This time though, the analytical, writer part of my brain was coolly noting that, for once, I was actually not only assessing the situation accurately, but also responding in what I thought was a very calm and non-threatening manner, though the other animal instincts in my brain that had made the fine hairs on the backs of my hands prickle within the first 2 minutes of meeting this patient, were screaming “Run! Get out of there, right now! Do not pass go, do not stop! Get out!”  It was like, and I kid you not, the good buddy in movies, you know, the sensible one like Velma, or actually more like the hyper-panicky one Shaggy, tapping on my shoulder and whispering “I don’t think this is a good idea.”

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Having grown up in the suburbs of Detroit, in a town where everyone looked so familiar I would have trouble placing the face as being someone I knew from church, the gas station, school, or work, going to PA school in “the city” was exciting to me.  I knew I’d be exposed to situations I’d never experienced, and like my combat veterans, wondered if I’d have what it took. I wasn’t afraid of the crack addicts or gang-bangers. I was afraid that I wouldn’t know how to react, wouldn’t have what it took in the face of an emergency to do what had to be done–chest compressions, suturing, bandaging, reading EKGs accurately. I thought I’d be most afraid in the ER at Henry Ford Main, or during my psychiatry rotation where I was on the inpatient consult service for Detroit Receiving and Sinai Grace, because of the out of my control aspect of those situations.  In an outpatient clinic, I naively thought, at least you could kind of predict what kind of day you were going to have.  Appointments are scheduled, and you can predict what kind of patients you will see, unlike in the ER, when you can have a heart attack, gunshot wound to the hand, and head cold all walk in at the same time.  It was a controlled environment, I thought, and control of my environment is key.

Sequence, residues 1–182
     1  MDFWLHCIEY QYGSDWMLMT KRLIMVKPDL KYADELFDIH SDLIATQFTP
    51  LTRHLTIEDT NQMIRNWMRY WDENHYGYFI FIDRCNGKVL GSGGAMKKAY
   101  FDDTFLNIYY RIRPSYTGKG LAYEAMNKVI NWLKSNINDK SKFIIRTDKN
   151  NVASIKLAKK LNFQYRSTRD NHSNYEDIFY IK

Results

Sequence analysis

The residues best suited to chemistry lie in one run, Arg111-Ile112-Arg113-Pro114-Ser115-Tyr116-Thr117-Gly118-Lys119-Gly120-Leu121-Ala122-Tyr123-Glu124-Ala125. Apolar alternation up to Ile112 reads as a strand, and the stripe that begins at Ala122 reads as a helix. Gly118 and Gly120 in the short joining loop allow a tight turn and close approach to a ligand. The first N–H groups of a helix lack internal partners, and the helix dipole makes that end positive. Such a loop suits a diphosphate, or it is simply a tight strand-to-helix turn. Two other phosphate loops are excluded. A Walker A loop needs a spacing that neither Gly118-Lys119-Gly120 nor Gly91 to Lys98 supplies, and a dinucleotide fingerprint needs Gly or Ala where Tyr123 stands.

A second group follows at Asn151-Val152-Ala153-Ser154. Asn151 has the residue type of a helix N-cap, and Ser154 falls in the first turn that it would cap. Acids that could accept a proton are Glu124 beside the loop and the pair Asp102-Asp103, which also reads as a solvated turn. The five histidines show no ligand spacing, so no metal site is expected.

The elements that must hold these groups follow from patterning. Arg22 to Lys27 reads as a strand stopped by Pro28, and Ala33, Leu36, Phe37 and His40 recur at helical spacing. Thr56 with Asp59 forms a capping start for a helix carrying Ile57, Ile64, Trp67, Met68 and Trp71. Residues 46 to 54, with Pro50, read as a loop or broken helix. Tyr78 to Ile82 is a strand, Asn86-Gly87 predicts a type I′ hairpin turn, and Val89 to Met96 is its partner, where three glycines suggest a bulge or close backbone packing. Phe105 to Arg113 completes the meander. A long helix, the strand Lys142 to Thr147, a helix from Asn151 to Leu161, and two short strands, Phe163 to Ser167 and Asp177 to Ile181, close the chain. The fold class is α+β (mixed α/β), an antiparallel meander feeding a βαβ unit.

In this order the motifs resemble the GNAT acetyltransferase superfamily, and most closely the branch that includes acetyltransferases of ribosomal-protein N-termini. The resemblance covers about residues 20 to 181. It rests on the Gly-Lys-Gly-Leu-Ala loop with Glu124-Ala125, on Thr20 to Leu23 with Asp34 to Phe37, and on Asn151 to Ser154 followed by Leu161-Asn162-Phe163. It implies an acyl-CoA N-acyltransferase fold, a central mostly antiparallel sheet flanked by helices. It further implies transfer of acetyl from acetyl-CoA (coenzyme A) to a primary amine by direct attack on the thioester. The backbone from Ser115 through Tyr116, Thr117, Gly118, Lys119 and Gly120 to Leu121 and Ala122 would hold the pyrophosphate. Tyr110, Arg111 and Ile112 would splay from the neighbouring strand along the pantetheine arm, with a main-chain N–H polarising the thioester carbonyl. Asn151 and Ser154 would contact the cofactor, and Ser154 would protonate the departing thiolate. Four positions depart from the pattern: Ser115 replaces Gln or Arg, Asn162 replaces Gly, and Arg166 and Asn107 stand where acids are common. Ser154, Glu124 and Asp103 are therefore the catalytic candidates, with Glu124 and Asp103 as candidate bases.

All of us desire control. It begins when we’re learning how to talk and walk.  This is where the terrible twos (and threes and fours for some of us) get their name.  The desire to exercise our will on the environment is innate.  We want to be able to choose our path. We want to believe that we have control, though in reality, we have very little. Today is Friday the 13th, a day many fear, though most of us find it superstitious.  We scoff at people who would have “silly fears” of things like the number 13, but in reality, don’t we all pause for just half a second, if we have an interview or date that gets set for Friday the 13th or we’re placed in hotel room #13? It doesn’t stop us from continuing on with our lives, but given the choice, just to be on the safe side, wouldn’t we change the date or room number, if we could?

As children, many of the sayings that we grew up with enforce those beliefs: Step on a crack, you’ll break your mother’s back–so we avoid walking on the cracks, just in case. It’s part of the mistaken belief, these superstitions, that we can control our destiny. We believe that by following all the rules, we can control our circumstances.  As children we pray, if I promise to do all my homework next time, please let me pass this test. As adults we pray, if I promise to be a better mother, please let her be OK.  Fear is irrational, it compromises our illusion of control, because it shows us how little power we actually have.  When we see through the eyes of fear, nothing is in our control, and that is the most frightening thing.